Irish Hospital Lets Woman Die Because Her Life Wasn't 'Endangered' Enough For Abortion
We were worried that you, the Wonkette Reader, might not have quite enough rage coursing through you today, and so here is the story, via Dan Savage at The Stranger, of Savita Halappanavar, a 31-year-old woman who died in Galway, Ireland, last month after doctors decided that, although she was already miscarrying and there was no chance her 17-week-old fetus could survive, she didn't quite qualify to have her life saved because the dying fetus still had a heartbeat. Ireland's abortion law only allows the procedure when the mother's life is in danger, just like the "moderate" position that Mitt Romney proposed, and which "pro-life" purists (including the 2012 GOP platform) oppose because, as Congressman Joe Walsh asserted in his final debate before losing his bid for reelection, "pro-life" people believe
“There’s no such exception as life of the mother. And as far as health of the mother, same thing, with advances in science and technology, health of the mother has become a tool for abortions anytime under any reason.”
And since they are quite sure of this, it is assuredly so.
We would like to invite Rep. Walsh to explain how "advances in science and technology" mean that none of the following, from the Irish Times, was possible in 2012:
Her husband, Praveen Halappanavar (34), an engineer at Boston Scientific in Galway, says she asked several times over a three-day period that the pregnancy be terminated. He says that, having been told she was miscarrying, and after one day in severe pain, Ms Halappanavar asked for a medical termination.
This was refused, he says, because the foetal heartbeat was still present and they were told, “this is a Catholic country”.
She spent a further 2½ days “in agony” until the foetal heartbeat stopped.
Speaking from India, where he had taken his wife's body for cremation and a memorial service, Mr. Halappanavar provided additional details of how Ireland's compassionate exception to a complete ban on abortions works in reality:
“The doctor told us the cervix was fully dilated, amniotic fluid was leaking and unfortunately the baby wouldn’t survive.” The doctor, he says, said it should be over in a few hours. There followed three days, he says, of the foetal heartbeat being checked several times a day.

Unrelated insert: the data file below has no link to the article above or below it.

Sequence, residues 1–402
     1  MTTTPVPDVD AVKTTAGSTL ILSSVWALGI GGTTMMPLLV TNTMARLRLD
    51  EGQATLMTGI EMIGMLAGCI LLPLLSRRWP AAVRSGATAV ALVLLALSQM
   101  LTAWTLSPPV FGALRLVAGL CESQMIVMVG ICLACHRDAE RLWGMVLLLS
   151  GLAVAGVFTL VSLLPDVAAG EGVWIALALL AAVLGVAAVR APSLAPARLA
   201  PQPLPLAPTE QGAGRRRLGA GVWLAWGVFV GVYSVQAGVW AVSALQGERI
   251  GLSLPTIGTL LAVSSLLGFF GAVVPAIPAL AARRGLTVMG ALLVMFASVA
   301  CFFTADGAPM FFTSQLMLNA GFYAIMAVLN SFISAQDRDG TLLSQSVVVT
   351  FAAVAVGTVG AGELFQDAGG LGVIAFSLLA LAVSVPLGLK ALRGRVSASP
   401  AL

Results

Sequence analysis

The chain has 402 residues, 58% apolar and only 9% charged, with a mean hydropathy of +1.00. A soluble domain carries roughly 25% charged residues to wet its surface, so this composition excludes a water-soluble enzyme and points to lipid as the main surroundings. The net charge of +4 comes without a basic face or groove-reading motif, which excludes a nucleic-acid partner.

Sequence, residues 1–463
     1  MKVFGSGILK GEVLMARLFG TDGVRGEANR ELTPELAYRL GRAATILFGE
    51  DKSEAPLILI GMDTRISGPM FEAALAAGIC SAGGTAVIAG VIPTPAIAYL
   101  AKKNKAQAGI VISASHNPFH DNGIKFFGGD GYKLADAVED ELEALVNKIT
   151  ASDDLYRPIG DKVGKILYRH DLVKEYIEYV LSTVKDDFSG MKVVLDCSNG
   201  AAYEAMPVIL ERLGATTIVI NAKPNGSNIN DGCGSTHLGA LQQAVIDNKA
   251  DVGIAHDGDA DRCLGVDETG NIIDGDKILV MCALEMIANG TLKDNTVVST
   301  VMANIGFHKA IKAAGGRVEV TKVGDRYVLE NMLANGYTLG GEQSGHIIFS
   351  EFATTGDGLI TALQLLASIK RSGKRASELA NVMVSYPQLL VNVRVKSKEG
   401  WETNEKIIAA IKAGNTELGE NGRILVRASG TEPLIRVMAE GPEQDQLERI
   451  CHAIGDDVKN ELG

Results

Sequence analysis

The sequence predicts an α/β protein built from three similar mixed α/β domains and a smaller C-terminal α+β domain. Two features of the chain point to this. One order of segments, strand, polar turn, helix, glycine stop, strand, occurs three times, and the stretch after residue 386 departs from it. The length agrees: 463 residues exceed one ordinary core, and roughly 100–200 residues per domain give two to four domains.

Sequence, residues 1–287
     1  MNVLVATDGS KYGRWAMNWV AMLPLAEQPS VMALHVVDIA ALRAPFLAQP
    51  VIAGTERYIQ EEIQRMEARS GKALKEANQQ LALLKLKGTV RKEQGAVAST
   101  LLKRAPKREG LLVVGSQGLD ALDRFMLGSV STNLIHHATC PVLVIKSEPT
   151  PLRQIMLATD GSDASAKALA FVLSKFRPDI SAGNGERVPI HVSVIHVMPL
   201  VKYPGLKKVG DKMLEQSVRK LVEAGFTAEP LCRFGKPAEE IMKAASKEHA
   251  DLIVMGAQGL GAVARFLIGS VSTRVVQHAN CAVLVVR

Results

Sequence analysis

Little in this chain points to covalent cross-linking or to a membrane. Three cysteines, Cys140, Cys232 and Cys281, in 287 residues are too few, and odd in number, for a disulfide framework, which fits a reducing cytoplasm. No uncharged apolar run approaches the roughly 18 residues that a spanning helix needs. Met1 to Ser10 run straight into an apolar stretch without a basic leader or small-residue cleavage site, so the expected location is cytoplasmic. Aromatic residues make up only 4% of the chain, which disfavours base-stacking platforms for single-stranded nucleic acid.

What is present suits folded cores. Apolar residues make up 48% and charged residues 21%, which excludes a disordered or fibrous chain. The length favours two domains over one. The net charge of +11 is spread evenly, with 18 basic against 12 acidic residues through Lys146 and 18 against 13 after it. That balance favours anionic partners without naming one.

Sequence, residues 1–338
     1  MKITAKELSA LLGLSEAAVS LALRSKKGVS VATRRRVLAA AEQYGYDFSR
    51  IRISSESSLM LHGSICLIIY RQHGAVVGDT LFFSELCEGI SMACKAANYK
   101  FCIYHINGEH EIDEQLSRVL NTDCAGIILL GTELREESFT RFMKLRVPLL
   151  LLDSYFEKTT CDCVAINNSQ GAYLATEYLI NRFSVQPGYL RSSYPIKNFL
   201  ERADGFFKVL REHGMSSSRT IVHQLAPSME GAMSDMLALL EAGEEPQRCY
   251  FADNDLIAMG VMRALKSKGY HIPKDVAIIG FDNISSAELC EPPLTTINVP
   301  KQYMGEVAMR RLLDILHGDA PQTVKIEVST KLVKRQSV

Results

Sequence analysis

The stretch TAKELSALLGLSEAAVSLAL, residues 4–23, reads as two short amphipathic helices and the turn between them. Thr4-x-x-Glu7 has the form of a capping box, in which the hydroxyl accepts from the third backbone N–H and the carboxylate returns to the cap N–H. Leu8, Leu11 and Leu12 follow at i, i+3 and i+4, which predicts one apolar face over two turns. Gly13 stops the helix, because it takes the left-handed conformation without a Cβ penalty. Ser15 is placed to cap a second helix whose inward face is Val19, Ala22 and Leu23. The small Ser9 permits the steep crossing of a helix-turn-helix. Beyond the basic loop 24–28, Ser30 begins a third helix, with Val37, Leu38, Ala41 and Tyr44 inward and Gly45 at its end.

“Savita was really in agony. She was very upset, but she accepted she was losing the baby. When the consultant came on the ward rounds on Monday morning Savita asked if they could not save the baby could they induce to end the pregnancy. The consultant said, ‘As long as there is a foetal heartbeat we can’t do anything’.
“Again on Tuesday morning, the ward rounds and the same discussion. The consultant said it was the law, that this is a Catholic country. Savita [a Hindu] said: ‘I am neither Irish nor Catholic’ but they said there was nothing they could do.
Irish health authorities are investigating the circumstances of Ms. Halappanavar's death. As Dan Savage notes, "Savita Halappanavar would still be alive if she had the right to make decisions about her own health care."
In other news that also suggests that it may be more useful to base health policy on science rather than on what some Christianists really really want to believe is true, io9 has a story about what may be the first comprehensive long-term study comparing the health and quality of life outcomes of women who have had abortions with the experiences of women who sought abortions but were, for various reasons, unable to get them. The five-year Turnaway Study, now in its fourth year, looks at women's "mental health, physical health and socioeconomic outcomes of receiving an abortion compared to carrying an unwanted pregnancy to term."
Among the study's preliminary findings, as publicized on their Facebook page:
We have found that there are no mental health consequences of abortion compared to carrying an unwanted pregnancy to term. There are other interesting findings: even later abortion is safer than childbirth and women who carried an unwanted pregnancy to term are three times more likely than women who receive an abortion to be below the poverty level two years later.
Needless to say, this will have no effect whatsoever on the propaganda about the debilitating guilt suffered by everyone who's ever even thought of having an abortion.
The study also found that women who have abortions are more likely to be able to escape abusive relationships, where women denied abortions were more likely to remain dependent on an abusive partner:
Turnaways were more likely to stay in a relationship with an abusive partner than women who got abortions. A year after being denied an abortion, 7% reported an incident of domestic violence in the last six months. 3% of women who received abortions reported domestic violence in the same time period. [Lead researcher Diana Greene] Foster emphasized that this wasn't because the turnaways were more likely to get into abusive relationships. It was simply that getting abortions allowed women to get out of such relationships more easily. So it's likely that these numbers actually reflect a dropoff in domestic violence for women who get abortions, rather than a rise among turnaways.
The Turnaway Study, incidentally, is funded solely through donations, which, along with its needing a Facebook page, may be a comment on the state of public health research funding in 2012 U.S. Amercia. If you'd like to contribute, here's the link.
But in a better country, goddammit, they wouldn't need to beg. Then again, in a better country, health care policy would be at least tangentially related to medical science, and an idiot who thinks that embryology teaches "lies from the pit of Hell" wouldn't serve on the House Science Committee.
This is what a "pro-life" country looks like, and it's horrifying.